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The Hate U Give‘s Angie Thomas Finally Tells Us What to Expect From Her Second Novel, On the Come Up

hate u give on the come up angie thomas

Angie Thomas’ debut novel, The Hate U Give. has spent nearly a year on the NYT Bestsellers list. It’s being adapted into a film starring Amandla Stenberg, and it was also just announced as having made the longlist for the CLIP Carnegie Greenway Medal, the UK’s oldest children’s book award. But for fans of Thomas, it’s been hard not to wonder what’s coming next.

Thomas has been working on her follow-up to THUG, titled On the Come Up. She recently shared the tiniest glimpse into the book on Twitter:

https://twitter.com/angiecthomas/status/960176849535029249

But today, Thomas gave us a lot more. First, Entertainment Weekly had the cover reveal. The image, by Anjola Coker is similarly striking to Debra Cartwright’s THUG cover, both with a young, black female protagonist commanding the reader’s attention.

Thomas also shared some plot details. On the Come Up (which, no, does not form an acronym) takes place in the same world—the same neighborhood, actually—as The Hate U Give–and centers on a 16-year-old aspiring rapper named Bri.

“As the daughter of an underground rap legend who died right before he hit it big, Bri has massive shoes to fill,” writes EW. “But when her mom unexpectedly loses her job, food banks and shut-off notices become as much a part of her life as beats and rhymes. With bills piling up and homelessness staring her family down, Bri no longer just wants to make it — she has to make it.”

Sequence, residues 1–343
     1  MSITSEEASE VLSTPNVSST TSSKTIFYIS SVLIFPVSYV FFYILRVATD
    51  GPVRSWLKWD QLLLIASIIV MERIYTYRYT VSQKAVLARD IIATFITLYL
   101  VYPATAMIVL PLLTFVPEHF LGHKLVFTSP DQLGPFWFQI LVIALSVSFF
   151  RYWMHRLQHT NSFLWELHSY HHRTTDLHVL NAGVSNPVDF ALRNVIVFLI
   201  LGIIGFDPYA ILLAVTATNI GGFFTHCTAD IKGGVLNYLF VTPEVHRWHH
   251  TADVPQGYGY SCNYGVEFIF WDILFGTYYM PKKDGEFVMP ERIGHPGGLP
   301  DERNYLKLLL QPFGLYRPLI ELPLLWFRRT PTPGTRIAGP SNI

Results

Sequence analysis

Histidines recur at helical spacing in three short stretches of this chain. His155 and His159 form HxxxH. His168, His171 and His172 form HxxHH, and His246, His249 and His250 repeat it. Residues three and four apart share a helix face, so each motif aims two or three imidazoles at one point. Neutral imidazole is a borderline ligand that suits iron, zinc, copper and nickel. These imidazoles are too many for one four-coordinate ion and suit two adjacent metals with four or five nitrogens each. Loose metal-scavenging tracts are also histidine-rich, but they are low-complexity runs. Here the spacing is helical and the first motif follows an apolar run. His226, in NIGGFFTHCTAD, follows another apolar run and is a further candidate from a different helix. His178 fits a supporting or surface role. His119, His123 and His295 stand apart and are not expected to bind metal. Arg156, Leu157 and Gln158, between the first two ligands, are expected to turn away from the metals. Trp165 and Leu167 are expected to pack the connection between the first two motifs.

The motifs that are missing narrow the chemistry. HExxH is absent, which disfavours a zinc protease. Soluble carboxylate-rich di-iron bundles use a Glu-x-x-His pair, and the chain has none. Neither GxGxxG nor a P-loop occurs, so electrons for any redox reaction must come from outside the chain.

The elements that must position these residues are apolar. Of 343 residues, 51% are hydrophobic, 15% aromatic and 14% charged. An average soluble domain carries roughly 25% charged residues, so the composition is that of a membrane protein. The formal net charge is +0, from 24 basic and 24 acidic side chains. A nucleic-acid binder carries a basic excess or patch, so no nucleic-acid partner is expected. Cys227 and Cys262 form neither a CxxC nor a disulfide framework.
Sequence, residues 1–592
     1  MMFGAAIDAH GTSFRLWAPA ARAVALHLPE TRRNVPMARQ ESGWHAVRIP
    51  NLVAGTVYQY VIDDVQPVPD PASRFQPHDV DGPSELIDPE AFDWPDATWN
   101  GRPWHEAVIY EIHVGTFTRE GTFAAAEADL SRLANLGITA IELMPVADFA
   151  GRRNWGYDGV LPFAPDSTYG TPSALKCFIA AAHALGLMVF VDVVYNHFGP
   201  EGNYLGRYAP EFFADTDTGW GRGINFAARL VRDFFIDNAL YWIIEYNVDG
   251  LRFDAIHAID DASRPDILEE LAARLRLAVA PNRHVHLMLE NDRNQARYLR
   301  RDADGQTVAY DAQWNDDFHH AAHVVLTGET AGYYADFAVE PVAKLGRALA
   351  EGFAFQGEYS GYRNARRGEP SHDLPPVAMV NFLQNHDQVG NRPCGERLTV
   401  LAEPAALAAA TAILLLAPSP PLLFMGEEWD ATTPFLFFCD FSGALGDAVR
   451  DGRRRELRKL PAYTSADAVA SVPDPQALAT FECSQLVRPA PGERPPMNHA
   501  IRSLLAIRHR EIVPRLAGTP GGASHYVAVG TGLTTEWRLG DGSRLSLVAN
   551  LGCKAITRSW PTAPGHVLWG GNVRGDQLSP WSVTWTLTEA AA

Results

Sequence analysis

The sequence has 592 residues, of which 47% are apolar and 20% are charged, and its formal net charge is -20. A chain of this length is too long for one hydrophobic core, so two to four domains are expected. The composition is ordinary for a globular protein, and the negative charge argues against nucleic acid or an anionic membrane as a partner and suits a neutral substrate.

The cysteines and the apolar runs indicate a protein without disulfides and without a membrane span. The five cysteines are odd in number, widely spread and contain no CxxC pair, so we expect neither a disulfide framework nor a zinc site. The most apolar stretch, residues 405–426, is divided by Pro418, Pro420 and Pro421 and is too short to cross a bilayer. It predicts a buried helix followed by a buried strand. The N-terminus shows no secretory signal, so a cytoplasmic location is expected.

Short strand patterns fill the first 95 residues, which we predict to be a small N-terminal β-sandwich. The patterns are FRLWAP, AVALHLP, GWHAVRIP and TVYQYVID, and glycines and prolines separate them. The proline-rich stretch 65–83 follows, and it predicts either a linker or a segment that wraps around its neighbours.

Thomas describes Bri’s story as being influenced by her own. She never witnessed violence like the events Starr goes through in THUG. She says the big tragedy in her youth was her mother losing her job and the effects of that on their family. Thomas explains, “Where Starr is overcoming her fear, Bri is overcoming this whole thing of poverty.”

“Kids like Bri,” she says, “they become statistics and numbers. We hear numbers about poverty. We hear statistics about poverty. Then we see the stereotypes about poverty. Those kids are never seen as actual people. Their stories are never told. For me, I sat down and I said, ‘You know what, I want to write something about that big tragedy that happened in my life, because there are so many kids out there who are going through that same thing, and we don’t talk about that enough.'”

We can expect some stylistic differences in Thomas’ second book, as well as thematic. She says, “I call this book my homage to hip-hop. Stylistically, it feels to me a bit grittier. It feels more hip-hop.” Thomas had a brief rap career herself, and it sounds like we’ll get a taste of that in this book. “There are raps throughout the book, and I think I can argue and say that hip-hop is poetry.”

As for the cover, here’s what Thomas had to say:

Hip-hop demands you to pay attention to it, rappers demand that you look at them. You look at pictures of rappers, you Google their photo shoots, and every single one of them — they have power that comes off of them. I wanted Bri to have that same power about her. There’s something about her holding that microphone too, and holding her fist up, that says, “I’m here. You’re going to listen to me.”

And then having that black background, having her in that black background, for me even symbolically there’s something about it. In a lot of ways, she’s in a lot more darkness than Starr is. When you read the book, you’ll see she’s got a lot more darkness going on around her than Starr does. Despite that darkness, there’s this girl saying, “I’m here. You’re going to listen to me. I’m going to do something; you’ve just got to pay attention to it.”

On the Come Up comes out June 5th.

(via EW, image: Balzer + Bray / HarperCollins)

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Vivian Kane (she/her) has a lot of opinions about a lot of things. Born in San Francisco and radicalized in Los Angeles, she now lives in Kansas City, Missouri with her husband Brock Wilbur and too many cats.

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